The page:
There is one more important dimension in our burger quest that we did not talk about yet: location. We use a nice package called Folium to visualize the candidate restaurants within close range of our office that have a high food rating.

Map with restaurant locations and scores

Final Stop: Choice

Now that we have put all ingredients together, the only thing left to do is to choose our next lunch location. Selecting the closest to our office first:

Option: Restaurant C
Tag type: Elasticsearch
Example review: "Voor lunch geweest. Salade was lekker, visburger van tafelgenoot zag er goed uit. Vriendelijke service, goede prijs kwaliteit."

It turns out that this restaurant, doesn’t have burgers on their menu anymore.. bummer! Let’s look into the second closest:

Option: India Roti Room
Tag type: Elasticsearch
Example review: "Een overweldigende gastvrijheid! Een onverwachte en onnederlandse ervaring. Een aanrader voor als je iets zoekt zonder hamburgers, pulled pork, gin-tonic en quinoia!"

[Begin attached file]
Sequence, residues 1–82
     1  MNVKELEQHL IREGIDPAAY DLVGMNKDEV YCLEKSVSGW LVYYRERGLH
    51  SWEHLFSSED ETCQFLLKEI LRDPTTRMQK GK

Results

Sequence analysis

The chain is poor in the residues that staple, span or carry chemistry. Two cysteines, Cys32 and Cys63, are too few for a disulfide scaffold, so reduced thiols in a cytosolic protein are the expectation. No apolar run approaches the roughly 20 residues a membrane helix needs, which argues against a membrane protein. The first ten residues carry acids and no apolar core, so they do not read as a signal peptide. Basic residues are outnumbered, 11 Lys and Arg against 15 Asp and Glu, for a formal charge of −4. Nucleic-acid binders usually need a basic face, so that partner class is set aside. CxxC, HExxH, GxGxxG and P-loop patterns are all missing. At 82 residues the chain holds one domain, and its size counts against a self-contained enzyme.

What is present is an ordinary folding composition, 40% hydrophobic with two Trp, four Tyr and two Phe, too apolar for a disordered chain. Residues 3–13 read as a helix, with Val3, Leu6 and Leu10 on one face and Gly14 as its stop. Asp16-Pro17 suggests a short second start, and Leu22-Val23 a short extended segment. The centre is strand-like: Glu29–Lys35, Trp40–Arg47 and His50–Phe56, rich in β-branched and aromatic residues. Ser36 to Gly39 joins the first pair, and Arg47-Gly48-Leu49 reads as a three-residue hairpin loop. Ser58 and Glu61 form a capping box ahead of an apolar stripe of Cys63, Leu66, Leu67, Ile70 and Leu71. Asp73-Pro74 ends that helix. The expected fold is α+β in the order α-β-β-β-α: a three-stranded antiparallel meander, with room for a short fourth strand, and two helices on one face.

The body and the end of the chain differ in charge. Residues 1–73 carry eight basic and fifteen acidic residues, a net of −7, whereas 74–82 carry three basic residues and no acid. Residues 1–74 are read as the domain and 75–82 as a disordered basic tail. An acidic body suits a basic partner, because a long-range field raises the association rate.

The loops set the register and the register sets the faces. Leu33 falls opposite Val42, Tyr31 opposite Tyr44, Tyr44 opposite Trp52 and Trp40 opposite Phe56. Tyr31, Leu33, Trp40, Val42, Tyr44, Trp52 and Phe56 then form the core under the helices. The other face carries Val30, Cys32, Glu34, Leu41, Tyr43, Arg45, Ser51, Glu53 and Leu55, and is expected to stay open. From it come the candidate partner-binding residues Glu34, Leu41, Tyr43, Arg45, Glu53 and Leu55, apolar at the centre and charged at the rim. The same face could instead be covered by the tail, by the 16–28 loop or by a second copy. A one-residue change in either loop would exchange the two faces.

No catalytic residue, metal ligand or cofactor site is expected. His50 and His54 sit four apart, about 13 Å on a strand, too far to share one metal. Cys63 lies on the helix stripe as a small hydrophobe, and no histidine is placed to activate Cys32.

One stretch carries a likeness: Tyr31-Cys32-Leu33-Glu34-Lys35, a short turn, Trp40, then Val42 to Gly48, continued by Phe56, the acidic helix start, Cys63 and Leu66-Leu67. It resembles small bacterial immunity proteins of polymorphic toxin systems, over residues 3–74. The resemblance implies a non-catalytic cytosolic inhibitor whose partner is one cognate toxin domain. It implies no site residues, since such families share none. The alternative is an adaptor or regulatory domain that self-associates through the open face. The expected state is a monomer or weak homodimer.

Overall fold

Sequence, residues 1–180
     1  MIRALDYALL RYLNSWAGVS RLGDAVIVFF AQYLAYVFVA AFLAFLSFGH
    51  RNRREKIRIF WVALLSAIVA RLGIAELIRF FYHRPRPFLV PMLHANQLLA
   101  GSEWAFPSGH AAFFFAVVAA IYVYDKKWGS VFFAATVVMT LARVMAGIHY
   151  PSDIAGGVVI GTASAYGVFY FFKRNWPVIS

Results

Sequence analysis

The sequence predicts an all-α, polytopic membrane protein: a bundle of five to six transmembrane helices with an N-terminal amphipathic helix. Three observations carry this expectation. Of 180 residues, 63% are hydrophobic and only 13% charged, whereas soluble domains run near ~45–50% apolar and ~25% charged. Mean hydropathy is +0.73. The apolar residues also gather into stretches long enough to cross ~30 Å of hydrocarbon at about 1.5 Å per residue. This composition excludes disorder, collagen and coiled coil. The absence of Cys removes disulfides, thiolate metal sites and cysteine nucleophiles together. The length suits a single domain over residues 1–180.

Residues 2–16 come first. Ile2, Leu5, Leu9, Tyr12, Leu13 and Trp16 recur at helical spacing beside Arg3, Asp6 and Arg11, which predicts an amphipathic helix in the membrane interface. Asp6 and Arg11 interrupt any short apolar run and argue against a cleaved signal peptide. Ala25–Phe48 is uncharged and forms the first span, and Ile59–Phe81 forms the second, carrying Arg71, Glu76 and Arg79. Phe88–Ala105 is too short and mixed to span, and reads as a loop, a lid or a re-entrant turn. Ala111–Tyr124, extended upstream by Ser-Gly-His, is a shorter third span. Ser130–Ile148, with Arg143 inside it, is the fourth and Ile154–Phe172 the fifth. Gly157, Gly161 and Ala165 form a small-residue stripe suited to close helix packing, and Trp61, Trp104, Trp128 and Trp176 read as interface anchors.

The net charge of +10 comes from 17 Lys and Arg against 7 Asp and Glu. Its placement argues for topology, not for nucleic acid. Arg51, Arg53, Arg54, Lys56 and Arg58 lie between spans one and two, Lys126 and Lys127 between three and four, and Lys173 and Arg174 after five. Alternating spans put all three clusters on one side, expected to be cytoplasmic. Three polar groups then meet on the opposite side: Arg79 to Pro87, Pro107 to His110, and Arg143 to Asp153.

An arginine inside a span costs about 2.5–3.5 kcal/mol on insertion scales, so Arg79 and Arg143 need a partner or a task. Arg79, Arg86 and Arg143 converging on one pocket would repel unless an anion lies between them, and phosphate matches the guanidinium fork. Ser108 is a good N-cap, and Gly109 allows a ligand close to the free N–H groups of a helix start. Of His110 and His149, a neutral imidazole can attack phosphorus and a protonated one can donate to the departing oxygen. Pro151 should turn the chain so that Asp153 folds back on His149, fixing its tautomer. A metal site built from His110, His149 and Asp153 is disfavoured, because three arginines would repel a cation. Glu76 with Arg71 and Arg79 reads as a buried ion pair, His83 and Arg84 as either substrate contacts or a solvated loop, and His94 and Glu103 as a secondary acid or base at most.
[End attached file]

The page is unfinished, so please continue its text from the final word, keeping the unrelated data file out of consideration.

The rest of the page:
Ai! This is a good example of how sentiment analysis could help us narrow down our search even better. This restaurant definitely doesn’t have any hamburgers on their menu.. How about the third closest restaurant? This will be the last option at walking distance to our office.

Option: Amstel Brasserie
Tag type: Image labelling
Example image: Jummie!

The burger looks great, but unfortunately the restaurant is not able to seat us all. It looks like all our work was in vain, but we simply can’t accept this as the end of our burger quest. Pragmatic as we are, if we can’t get to the best burger we will let it come to us! We used some additional resources2 to find a food truck with the best meat in the country and a mouthwatering selection of burgers on their menu. Below you will find some visual material to determine for yourself how these burgers look.

Was it successful?

burger handover
burger bbq

Are you interested in Data Science or Data Engineering and do you like burgers as well? Reach out and join us on a GDD Friday, because we are hiring!

For the full code to replicate above analysis, check out our Github3.

  1. A monthly full-day hackathon on company time where you can work on whatever you want. 
  2. Something called ‘the internet’ 
  3. A big shoutout to Robert Rodger for tips, tricks and help on Elasticsearch!